Grandad’s Garden


It’s hard to imagine as I sit curled in the armchair by the window, contemplating a chai tea to warm up, that these photographs were only taken last Saturday, in what may well have been the last of the August sun. I spent what felt like hours lingering among the coneflowers and tomato plants, staying outside long after my grandparents had gone back inside. I could hear their laughter through the open window as I took photograph after photograph of the dahlias striving towards the sky, trying to capture their height and essence of the sublime. I laughed too, for it was one of those fleeting moments where one feels rooted in the present moment, consumed by joy in the here and now. This was Saturday afternoon in Fred’s little garden on the fringes of northwest London. 

I recently heard the words spoken “For what is joy if it is not recorded?” and the sentence made my heart quicken and flutter. For what is joy if it is not recorded, and what – the speaker went on – is love if it is not shared? So though I might ordinarily file these photographs away, wondering why on earth anyone else would want to see photos of my grandad’s patch on a ordinary summer noon, that adage made me think. I want to document that hazy, lazy afternoon. 

I love my grandfather’s garden and he loves it too. It’s his pride and joy, and beautiful in and of itself. But I also love it for all that it represents. Gardens are like that – such good metaphors, a novelist’s dream. For his garden represents so much about him: his persistence and precision, his way of doing things just so. His wartime thriftiness, nurturing cuttings from anything he finds, growing beauties from seed. His kindness, for I always leave with pockets weighed down by tomatoes and, sometimes, a seedling or two of my own to care for. His garden represents his good cheer, I like to think, in its riot of colour. There’s no colour scheme or grand plan – just what he likes, where he likes it. (Penstemon! Dahlias! Four varieties of tomato!) “Just a little bit, every day,” he tells me, that’s the secret of the prettiest gardens. And I think of that often, in gardening, and elsewhere: just a little, every day, and you’ll get there, whatever you’re aiming at.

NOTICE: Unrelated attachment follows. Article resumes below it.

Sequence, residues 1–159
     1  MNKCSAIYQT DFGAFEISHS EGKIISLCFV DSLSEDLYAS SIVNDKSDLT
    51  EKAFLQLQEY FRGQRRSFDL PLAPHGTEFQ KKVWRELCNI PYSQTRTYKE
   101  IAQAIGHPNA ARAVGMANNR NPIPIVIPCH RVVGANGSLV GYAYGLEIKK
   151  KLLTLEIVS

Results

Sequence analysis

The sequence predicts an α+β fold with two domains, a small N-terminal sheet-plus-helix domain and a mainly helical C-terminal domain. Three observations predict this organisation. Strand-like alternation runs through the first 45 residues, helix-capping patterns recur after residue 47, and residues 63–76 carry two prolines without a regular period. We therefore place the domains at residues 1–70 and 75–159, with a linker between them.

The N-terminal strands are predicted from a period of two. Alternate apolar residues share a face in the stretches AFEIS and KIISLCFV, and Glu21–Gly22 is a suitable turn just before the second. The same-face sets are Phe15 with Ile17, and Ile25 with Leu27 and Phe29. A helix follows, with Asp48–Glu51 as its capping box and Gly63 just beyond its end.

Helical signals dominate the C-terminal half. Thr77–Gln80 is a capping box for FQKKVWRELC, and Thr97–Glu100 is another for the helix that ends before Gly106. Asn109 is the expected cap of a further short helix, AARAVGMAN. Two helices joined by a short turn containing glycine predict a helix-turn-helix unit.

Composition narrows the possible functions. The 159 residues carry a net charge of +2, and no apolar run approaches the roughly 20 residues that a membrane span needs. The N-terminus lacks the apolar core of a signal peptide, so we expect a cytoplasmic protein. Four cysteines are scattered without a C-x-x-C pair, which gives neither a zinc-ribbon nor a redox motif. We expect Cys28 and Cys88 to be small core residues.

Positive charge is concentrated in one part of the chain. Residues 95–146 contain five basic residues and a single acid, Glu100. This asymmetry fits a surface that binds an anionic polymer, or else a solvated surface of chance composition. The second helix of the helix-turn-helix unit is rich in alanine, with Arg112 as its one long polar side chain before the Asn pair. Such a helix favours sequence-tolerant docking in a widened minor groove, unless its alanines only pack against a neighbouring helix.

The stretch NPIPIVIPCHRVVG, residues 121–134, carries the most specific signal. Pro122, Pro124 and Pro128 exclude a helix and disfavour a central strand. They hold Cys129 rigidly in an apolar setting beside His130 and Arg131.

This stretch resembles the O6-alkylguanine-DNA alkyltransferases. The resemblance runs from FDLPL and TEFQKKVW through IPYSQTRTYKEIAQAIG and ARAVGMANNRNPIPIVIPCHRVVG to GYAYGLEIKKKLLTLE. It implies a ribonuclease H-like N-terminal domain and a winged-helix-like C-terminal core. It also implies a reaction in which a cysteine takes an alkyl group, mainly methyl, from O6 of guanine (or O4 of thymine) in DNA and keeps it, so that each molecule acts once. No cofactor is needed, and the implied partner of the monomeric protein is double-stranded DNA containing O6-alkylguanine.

My grandfather is 86 and I like to think his garden is what keeps him young. It brings him so much joy, and my grandma too – something pretty to look at while I’m washing the dishes, she says. He’s growing me a hydrangea from a cutting in the shed, and sends me home with pocketfuls of tomatoes whenever I visit. It is always the first thing we do when I turn up to say hello – a turn around the garden, yes? Look at these busy lizzies! Aren’t the roses doing well? There’s rhubarb with stems as thick as a wrist, pink as bubblegum, and bonsai trees in china dishes as old as my twenty-three-year-old sister, dogged saplings rescued from underneath oak trees in the park when we were young. Joy, right here, in the buttered light cascading between green. Something magical, otherworldly, in the most ordinary suburb. That’s the spell of gardens, really. Casting wonder in the most unlikely of places. And this, here, is my joy recorded.